A PENSIONER has been convicted of raping a 13-year-old girl and getting her pregnant.
Carvel Bennett, 74, admitted having sexual intercourse with the teenager in the 1970s and accepted he is the biological father of her daughter.
But Bennett, of Erdington, Birmingham, denied a charge of rape and claimed the victim told him she was 16 and consented to sex.
After a trial at Birmingham Crown Court, a jury took just one hour and 48 minutes to reject his account and find him guilty.
The full circumstances of how Bennett came into contact with the girl
cannot be reported in order to protect the victim's automatic legal right to lifelong anonymity.
Prosecutor Peter Glenser QC said the defendant told the girl to take her clothes off when they were alone together.
Mr Glesner said: "She does recall saying: 'I don't want to do this' and him saying: 'It's going to be alright.
"She remembers him saying he wasn't going to hurt her and she should say nothing."
Mr Glesner revealed that a few weeks later it "became obvious she was pregnant".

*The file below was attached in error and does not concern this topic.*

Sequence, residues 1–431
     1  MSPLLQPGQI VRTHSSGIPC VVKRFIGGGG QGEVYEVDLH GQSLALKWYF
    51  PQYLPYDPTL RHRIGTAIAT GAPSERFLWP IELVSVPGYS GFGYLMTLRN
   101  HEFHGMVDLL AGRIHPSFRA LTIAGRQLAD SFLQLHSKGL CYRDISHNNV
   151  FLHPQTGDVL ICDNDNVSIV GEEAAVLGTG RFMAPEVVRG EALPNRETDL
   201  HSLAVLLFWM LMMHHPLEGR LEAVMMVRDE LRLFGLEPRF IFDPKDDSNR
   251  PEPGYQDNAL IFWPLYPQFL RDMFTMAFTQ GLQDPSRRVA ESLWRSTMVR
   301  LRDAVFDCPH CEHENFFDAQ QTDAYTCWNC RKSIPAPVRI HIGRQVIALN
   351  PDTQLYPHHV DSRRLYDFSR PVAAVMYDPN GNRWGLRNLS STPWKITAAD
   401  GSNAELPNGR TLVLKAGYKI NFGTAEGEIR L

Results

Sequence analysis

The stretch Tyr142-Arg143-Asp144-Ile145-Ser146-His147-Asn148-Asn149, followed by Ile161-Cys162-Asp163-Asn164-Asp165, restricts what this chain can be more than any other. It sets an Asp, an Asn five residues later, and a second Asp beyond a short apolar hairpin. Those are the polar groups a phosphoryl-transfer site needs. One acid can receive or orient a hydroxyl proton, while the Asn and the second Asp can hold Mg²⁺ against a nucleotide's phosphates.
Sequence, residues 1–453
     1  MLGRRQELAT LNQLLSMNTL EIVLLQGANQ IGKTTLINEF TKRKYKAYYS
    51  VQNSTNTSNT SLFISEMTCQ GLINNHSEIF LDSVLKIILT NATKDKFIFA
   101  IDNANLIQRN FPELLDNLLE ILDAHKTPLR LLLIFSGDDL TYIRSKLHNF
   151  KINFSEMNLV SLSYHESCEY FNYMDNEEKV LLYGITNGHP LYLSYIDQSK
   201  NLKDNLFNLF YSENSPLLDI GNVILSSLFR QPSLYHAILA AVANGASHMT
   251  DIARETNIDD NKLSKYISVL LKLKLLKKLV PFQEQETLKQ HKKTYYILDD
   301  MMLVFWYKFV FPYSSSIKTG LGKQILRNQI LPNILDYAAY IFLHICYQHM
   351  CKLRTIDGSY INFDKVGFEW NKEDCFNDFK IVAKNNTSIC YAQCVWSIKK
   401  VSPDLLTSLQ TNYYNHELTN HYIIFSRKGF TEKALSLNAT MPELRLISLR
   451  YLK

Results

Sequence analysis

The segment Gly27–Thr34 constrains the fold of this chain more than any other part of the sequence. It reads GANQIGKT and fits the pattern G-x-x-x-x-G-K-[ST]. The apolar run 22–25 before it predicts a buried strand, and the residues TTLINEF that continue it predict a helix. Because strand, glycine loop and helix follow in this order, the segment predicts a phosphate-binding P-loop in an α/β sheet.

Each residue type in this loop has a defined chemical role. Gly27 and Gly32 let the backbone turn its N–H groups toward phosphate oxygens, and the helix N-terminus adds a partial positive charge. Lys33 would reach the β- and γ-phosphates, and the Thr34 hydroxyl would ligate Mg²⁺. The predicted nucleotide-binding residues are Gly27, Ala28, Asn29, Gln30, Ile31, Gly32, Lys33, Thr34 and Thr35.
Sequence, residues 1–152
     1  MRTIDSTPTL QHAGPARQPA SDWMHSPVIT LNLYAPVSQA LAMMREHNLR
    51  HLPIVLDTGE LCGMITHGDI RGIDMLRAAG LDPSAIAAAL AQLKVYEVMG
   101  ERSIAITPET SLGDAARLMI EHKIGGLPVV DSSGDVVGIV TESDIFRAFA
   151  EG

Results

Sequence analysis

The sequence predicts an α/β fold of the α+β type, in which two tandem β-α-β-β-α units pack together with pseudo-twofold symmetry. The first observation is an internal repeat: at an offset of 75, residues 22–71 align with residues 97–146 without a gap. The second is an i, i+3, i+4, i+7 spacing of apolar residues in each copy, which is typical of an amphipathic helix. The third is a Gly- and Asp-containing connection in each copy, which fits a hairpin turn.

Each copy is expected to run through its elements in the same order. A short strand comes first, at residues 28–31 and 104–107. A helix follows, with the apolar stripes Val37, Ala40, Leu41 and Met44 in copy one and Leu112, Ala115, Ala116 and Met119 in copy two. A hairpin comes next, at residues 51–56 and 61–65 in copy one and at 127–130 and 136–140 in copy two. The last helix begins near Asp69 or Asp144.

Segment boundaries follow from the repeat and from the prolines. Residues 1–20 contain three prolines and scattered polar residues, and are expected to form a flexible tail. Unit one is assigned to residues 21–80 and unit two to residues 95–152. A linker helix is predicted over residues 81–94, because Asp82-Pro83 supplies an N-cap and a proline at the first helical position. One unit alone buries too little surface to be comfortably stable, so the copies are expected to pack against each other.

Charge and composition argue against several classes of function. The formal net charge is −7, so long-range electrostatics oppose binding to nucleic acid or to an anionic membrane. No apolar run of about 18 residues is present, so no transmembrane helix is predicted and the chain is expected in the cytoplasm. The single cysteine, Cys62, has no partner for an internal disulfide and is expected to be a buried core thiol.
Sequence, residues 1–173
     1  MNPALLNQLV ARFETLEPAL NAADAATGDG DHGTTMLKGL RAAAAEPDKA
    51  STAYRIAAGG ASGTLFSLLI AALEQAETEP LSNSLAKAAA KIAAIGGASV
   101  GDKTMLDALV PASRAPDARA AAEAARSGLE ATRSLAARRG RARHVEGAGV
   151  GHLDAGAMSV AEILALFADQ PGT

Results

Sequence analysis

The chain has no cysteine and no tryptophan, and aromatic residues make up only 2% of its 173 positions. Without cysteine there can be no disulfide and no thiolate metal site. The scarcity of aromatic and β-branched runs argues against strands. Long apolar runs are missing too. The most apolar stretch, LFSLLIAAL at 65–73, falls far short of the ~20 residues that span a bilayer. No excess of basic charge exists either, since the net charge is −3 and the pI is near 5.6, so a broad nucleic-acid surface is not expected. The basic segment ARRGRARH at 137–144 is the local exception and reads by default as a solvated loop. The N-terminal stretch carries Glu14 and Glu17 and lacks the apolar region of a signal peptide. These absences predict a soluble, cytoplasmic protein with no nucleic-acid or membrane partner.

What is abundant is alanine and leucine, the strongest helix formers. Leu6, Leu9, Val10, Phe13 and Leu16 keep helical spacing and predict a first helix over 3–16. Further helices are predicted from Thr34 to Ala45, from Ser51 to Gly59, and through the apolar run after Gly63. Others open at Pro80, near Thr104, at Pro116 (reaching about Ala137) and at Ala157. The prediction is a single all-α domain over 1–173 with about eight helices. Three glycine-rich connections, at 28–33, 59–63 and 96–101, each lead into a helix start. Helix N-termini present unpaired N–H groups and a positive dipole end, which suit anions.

'BRUSHED UNDER THE CARPET'
The court heard how the victim was taken to a mother and baby home to give birth to her daughter, who was ultimately put up for adoption.
She said when she returned home she was made to sit in a chair and watch a programme about someone having to give up her child.
She said: "I had to sit there and watch it to see if I would cry.
"I know that's why I had to watch it. I thought I won't cry.
"I was adamant I wasn't going to cry. So I never."
The victim stated she was still "shocked" at the whole ordeal but felt it was soon "brushed under the carpet" by everyone.
NAMED AS FATHER
The jury heard when Bennett's daughter reached the age of 18 she obtained some social security records and tracked down her mother who revealed how she was conceived.
When she acquired her full social services records she saw that Bennett was named as her father.
Mr Glenser said DNA results suggested it was 22 million times more likely the defendant was the girl's dad than any other unknown Afro-Carribean man unrelated to him.
Mr Glenser said: "In reality, there is little in dispute in this case save for the central and important issue of consent."
In an interview played to the court, the victim stated Bennett did not
use any violence, but that she was "scared" to resist his attack.
Tom Walkling, mitigating, requested his client be given the chance to put his affairs in order, arguing he will likely spend the rest of his life in prison, given his age.
But Judge Martin Hurst stated "the risk he might do something foolish is too great" and remanded him in custody.
Bennett will be sentenced today, August 3.